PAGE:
The Irish Wolfhound descended from the Cu, that was brought to Ireland in 1500 B.C. The dog was primarily used in battles to pull men off their horseback as well as for wolf hunting. Recognized as an aristocratic breed, the dog saw a growing popularity in England. The dog suffered from the threat of extinction during the famine hit of 1845, but thanks to Captain George Graham, a British officer, whose efforts re-established the breed.
The Irish Wolfhound is a huge, and one among the world’s tallest and largest breeds. The dog is hairy with a curly and coarse coat in gray, brindle, red, black or white colors. Long head, vaulted muscular neck and pulled in abdomen are typical to all dogs of this breed. It has large and round paws, and toes that are evidently curved. True to its origin, the dog has an aristocratic look.
The colors of the Irish Wolfhound may vary from grey, wheaten, brindle, red, black, pure white, brown, or fawn, although grey is the most common color.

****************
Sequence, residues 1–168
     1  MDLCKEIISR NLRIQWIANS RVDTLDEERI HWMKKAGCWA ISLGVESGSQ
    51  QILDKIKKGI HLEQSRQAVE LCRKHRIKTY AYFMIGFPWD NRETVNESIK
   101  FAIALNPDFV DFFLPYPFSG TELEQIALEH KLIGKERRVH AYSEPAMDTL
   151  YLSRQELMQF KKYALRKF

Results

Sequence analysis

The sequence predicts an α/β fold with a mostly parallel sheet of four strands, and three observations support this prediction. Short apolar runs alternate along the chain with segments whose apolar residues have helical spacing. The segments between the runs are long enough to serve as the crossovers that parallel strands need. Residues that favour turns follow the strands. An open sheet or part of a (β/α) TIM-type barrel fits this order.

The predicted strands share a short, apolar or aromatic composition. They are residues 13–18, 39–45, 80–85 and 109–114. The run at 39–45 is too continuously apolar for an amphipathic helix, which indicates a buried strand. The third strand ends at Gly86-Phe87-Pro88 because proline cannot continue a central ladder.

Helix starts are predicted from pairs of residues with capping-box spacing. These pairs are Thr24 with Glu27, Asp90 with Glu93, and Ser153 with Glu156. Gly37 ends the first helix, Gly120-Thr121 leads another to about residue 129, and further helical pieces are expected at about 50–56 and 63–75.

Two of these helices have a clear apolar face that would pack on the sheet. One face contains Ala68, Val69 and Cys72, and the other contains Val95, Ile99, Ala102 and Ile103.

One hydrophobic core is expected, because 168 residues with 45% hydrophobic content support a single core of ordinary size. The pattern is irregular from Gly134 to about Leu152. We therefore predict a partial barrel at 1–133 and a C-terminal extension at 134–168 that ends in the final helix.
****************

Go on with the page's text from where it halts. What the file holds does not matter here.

The Irish Wolfhound holds a character that is right the opposite to its appearance. The breed is one among the most friendly and loving kind, and above all a loyal companion. The dog is always even-tempered and is even nice to intruders, which makes it a bad watchdog. The Irish Wolfhound is never a problem maker, and gets along very well with other breeds.
The breed is vulnerable to cardiomyopathy and bone cancer. Bloating is very common with these dogs. Hip dysplasia and Von Willebrands are the other diseases that the dog is prone to.
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